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Community kitchens: A place of sharing for Rohingya women

  • Published at 11:15 pm February 19th, 2018
  • Last updated at 12:19 am March 3rd, 2018
Community kitchens: A place of sharing for Rohingya women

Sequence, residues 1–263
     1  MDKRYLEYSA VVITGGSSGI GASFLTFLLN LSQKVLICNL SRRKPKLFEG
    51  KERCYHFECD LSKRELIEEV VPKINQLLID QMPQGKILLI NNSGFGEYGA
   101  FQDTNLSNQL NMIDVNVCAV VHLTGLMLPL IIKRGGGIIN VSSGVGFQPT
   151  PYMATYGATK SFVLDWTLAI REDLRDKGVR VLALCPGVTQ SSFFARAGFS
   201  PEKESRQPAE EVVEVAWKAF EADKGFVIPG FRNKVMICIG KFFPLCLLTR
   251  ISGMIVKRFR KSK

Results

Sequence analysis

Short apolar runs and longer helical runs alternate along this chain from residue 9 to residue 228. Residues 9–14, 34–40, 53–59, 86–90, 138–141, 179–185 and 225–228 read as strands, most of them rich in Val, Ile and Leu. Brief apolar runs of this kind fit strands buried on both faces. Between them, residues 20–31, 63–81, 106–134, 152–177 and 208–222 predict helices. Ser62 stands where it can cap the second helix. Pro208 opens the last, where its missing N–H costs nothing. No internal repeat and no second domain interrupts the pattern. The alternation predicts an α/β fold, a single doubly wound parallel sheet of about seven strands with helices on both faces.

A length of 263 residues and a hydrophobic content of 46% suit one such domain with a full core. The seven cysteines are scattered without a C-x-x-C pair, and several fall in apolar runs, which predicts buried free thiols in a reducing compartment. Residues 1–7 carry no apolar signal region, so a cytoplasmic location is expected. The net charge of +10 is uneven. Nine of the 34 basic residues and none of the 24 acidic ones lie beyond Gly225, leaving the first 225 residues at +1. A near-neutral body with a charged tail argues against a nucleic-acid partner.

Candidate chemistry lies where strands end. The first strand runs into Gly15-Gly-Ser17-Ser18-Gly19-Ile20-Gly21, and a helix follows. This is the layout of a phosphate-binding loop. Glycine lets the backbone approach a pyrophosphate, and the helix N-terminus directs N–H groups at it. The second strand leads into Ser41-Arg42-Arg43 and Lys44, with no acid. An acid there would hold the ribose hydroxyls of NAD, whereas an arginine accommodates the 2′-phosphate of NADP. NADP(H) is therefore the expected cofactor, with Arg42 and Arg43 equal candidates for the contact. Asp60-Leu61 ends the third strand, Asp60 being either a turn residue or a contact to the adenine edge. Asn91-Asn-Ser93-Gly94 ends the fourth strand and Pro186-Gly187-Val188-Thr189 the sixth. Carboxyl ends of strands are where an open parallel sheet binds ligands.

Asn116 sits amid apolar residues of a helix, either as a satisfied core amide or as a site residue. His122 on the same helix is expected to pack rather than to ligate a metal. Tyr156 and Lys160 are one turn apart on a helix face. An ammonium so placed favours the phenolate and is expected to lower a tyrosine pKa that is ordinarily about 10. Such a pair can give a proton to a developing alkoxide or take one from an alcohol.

The community kitchen, initiated on a pilot basis in the Jamtoli Rohingya refugee camp in Cox’s Bazar’s Ukhiya two months ago, is becoming popular amongst Rohingya women as a common place for sharing with each other. The Dhaka Tribune found such community kitchens — a common cooking point for at least 25 Rohingya families — only at the Jamtoli camp out of 12 camps in the two upazilas in Cox’s Bazar. The space provides cylinder gas ovens to the Rohingya women. There are also nature-friendly locally made ovens for the time when the cylinders run out of gas. Six community kitchens were set up by Gana Unnayan Kendra (GUK) with the financial assistance of international NGO Christian Aid. A field level monitor from GUK visits the community kitchens every day to monitor the needs of the Rohingya women, said officials of the organization. GUK Community Mobilizer of Jamtoli camp Md Forkan said: “The Rohingya women do not cook in an open or congested space now as they did earlier. It reduces the risk of sudden fire in the camp and environmental degradation caused by deforestation.” The Rohingya women who are now using the community kitchen hailed the initiative. [caption id="attachment_247880" align="aligncenter" width="800"] One of the community kitchens at the Jamtoli Rohingya refugee camp in Ukhiya, Cox's Bazar, Monday, February 19, 2018 | Dhaka Tribune[/caption] During a visit to two community kitchens named “Joba Rannar Sthan” and “Shapla Rannar Sthan,” the Dhaka Tribune found that the Rohingya women chatting with each other while cooking. Mamtaz Khatun, 60, a Rohingya woman, said: “Earlier we had to go to the forest to collect firewood as no fuel was available. It would take two or three hours every day.” “Locals got angry when we cut trees but we had no choice. We had to do that for three months. Many days we could not even cook because we had no fuel,” she added. Another Rohingya woman, Asma Khatun of Mong E Daung village under Buthidaung township in Rakhine state, lost her son and brother during the crackdown of the Myanmar Army last August. She was upset all the time and did not talk much after coming to Bangladesh with 12 other family members. But she has recovered from the trauma thanks to the community kitchen, said her neighbour Moriam Begum. “When we cook here, we also share our emotions and needs. Then we help each other as much as we can. This is like a sharing hub for us,” said Mamtaz, mother of four. Humaira Akter, field level monitor of GUK, said: “This kitchen facility has become a place for Rohingya women to share their stories and promote social harmony and psychosocial well-being.” [caption id="attachment_247882" align="aligncenter" width="800"] Rohingya women talk amongst themselves while cooking at one of the community kitchens at the Jamtoli refugee camp in Ukhiya, Cox's Bazar on Monday, February 19, 2018 | Dhaka Tribune[/caption] “We are happy having the cooking space. Those who come to cook here are from different parts of Burma [now known as Myanmar]. We exchange knowledge and ideas, including recipes,” said Tahera Begum, another Rohingya woman. GUK’s Health Promotion Officer Esmat Jahan said: “The Rohingya women cannot raise their voices and express feeling at home in most of the cases, but they do that here.” The Jamtoli camp’s site management authorities are considering setting up 200 community kitchens for 11,471 families of the camp. Md Monir Uddin, zone coordinator of Jamtoli camp, said: “We have launched the facility to solve cooking problems in Rohingya communities. The camp lacks cooking fuel and space for which the dwellers are not having good food, giving rise to health hazards and domestic violence. “We are providing spices, water, and fuel (gas, charcoal, or diesel) to the kitchen. Different authorities have visited our common cooking spaces and plan to install such facilities in their camps,” he said. “The kitchens empower Rohingya women and girls, who are often housebound due to cultural and religious norms. They have found a place to gather, share, and speak up,” said Monir, who is also a zone coordinator of Christian Aid. .
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